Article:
Training animals: an important skill in self reliant living
Yesterday I took our two dogs, Sniff and Ruger and our grandpuppy, Holly for a dogwalk. Around the corner I ran into some neighborhood girls walking their dog. The girls were amazed when I called all three dogs and made them sit while we talked briefly. The girl’s dog, in the meantime was straining on his leash. I explained that I didn’t even own a dog leash and couldn’t imagine having a dog that wouldn’t come when called or who wouldn’t walk on heel, even across a busy highway.
For me, training animals is a state of mind. As a trainer, I decide what commands I want the animal to obey and then make the effort to discipline myself to enforce the command every time I give it. With dogs, I will say “come” only once. Since they know what “come” means, if they ignore me, they are basically being disrespectful. Any time a dog is disrespectful to me, I let him know that I’m displeased. With Sniff, that displeasure is usually expressed with a harsh sounding voice–enough to get through to him because he’s sensitive. With Ruger, I sometimes have to be physical. Actually this discipline is very infrequent, but the real discipline is the self discipline that I won’t give my dog an order unless I am willing to enforce his compliance. A result of that self discipline is that the dog knows that if I tell him “come”, “heel” or “sit”, that I will make him do it, every time.
Training bovines is both easier and more difficult. Because bovines are more intelligent than dogs, it is easy to teach them what I want. And because they are more intelligent, they are able to figure out when I’m at a disadvantage and will take full advantage of that. One time recently I was leading Dhana using just her neck collar. She realized that I couldn’t enforce my will to go back to her paddock and used her 1000lb bulk and superior strength to pull away and graze until I got a halter that allowed me to leverage her head. I’m training our bull, Makani to be driven and we had a huge battle of wills about whether he would even lead. Now he knows that I won’t give up, he’s quite compliant and I’ve made an effort to make sure he gets something delicious on each outing, so he grudgingly looks forward to going out with me.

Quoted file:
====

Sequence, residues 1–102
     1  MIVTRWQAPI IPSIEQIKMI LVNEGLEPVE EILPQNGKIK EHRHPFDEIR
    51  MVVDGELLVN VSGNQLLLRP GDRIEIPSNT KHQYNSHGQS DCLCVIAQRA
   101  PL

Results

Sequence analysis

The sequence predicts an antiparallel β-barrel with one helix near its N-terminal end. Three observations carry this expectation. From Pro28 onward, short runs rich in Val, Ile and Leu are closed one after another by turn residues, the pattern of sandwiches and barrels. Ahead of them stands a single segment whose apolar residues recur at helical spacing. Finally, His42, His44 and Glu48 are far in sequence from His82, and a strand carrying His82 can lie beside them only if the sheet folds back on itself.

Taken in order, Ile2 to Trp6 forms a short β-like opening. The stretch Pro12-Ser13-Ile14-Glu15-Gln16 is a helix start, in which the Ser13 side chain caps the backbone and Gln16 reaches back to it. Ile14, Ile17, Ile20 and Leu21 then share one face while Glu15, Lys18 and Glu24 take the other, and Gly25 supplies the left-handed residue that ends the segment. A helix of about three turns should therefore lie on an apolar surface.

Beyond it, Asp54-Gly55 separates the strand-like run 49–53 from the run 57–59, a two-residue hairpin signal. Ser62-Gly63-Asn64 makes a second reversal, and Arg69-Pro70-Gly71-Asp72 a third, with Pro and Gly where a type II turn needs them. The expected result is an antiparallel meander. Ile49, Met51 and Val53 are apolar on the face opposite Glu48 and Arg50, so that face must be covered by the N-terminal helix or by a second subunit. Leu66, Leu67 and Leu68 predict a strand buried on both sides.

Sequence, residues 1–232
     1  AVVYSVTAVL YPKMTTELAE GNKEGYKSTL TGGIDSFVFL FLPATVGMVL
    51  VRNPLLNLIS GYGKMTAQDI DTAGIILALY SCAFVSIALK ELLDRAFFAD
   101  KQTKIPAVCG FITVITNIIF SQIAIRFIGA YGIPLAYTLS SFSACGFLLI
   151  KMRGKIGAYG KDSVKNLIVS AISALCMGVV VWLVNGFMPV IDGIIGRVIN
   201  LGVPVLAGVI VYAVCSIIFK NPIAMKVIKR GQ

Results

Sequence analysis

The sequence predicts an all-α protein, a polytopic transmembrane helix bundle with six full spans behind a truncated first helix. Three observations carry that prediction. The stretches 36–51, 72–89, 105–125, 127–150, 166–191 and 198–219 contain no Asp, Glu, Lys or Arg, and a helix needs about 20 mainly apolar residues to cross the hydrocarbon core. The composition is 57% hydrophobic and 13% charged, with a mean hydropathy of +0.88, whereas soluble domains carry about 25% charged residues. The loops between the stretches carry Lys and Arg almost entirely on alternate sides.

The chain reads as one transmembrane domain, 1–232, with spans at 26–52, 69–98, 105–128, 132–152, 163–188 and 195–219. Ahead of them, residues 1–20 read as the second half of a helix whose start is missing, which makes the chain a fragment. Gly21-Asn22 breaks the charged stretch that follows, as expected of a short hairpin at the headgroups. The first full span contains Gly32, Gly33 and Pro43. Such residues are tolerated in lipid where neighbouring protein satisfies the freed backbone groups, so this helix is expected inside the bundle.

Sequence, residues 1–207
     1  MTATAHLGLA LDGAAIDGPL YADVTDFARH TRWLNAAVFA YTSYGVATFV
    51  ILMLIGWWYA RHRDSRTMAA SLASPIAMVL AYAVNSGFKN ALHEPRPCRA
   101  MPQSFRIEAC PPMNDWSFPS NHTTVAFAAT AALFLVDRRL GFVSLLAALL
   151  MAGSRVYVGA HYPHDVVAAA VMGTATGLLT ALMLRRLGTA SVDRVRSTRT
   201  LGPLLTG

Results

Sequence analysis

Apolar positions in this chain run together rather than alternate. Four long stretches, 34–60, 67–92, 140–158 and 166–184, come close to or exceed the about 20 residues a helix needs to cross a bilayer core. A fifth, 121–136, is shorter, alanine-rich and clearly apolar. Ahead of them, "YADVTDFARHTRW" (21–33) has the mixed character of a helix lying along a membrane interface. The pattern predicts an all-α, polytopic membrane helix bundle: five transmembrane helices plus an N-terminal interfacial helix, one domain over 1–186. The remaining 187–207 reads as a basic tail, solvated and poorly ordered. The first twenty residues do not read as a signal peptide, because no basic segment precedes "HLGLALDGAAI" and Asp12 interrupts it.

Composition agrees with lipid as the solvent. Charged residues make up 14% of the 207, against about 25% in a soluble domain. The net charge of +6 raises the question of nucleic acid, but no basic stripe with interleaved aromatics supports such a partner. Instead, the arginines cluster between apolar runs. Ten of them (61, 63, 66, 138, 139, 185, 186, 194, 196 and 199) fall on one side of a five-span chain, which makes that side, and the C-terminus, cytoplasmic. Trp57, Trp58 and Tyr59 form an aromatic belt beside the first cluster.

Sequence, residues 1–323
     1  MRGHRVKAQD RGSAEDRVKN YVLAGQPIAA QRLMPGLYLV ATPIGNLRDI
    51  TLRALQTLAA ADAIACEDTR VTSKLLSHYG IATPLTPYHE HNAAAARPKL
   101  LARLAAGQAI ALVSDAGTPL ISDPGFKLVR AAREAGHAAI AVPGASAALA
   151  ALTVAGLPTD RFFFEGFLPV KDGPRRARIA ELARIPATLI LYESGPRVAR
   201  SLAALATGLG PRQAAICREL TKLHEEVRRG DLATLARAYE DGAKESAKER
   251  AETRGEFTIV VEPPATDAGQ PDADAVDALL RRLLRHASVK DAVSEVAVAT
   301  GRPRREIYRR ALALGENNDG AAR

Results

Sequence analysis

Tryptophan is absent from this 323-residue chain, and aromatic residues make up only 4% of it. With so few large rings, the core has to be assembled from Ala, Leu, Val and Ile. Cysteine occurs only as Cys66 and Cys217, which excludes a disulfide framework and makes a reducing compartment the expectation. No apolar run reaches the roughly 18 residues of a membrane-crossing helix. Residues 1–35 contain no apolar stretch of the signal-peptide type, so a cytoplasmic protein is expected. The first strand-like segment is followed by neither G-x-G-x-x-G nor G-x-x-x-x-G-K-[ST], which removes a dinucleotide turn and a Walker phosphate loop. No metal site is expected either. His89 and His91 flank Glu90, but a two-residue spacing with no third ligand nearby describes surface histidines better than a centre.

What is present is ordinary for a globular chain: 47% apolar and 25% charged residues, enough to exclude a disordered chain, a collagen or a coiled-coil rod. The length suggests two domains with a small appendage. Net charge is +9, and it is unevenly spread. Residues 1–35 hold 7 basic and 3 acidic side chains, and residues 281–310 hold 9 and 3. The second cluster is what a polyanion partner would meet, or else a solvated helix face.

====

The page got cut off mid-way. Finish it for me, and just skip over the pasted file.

I’ve experimented with using bridge conditioning with horses to help them understand the instant they give the response I’m looking for. Bridge conditioning consists of conditioning the animal to know that when he hears a specific sound (we use “bleep”) that he’ll be getting a treat within a few seconds. Doing this I was able to teach my horse, Waltzer to fetch, play soccer, stand on a pedestal and do other tricks. It is also useful to teach a horse to do flying lead changes–but you have to be ready for a fast stop when you say “bleep”.
Trained animals are very useful in a self reliant situation. Dogs can keep predators or vermin away, bovines can pull carts and plow, horses can provide transportation. In addition, a cow that is trained to lead is much more convenient than one that has to be hazed or bribed to go from one paddock to another.
~ by Anuttama on August 14, 2010.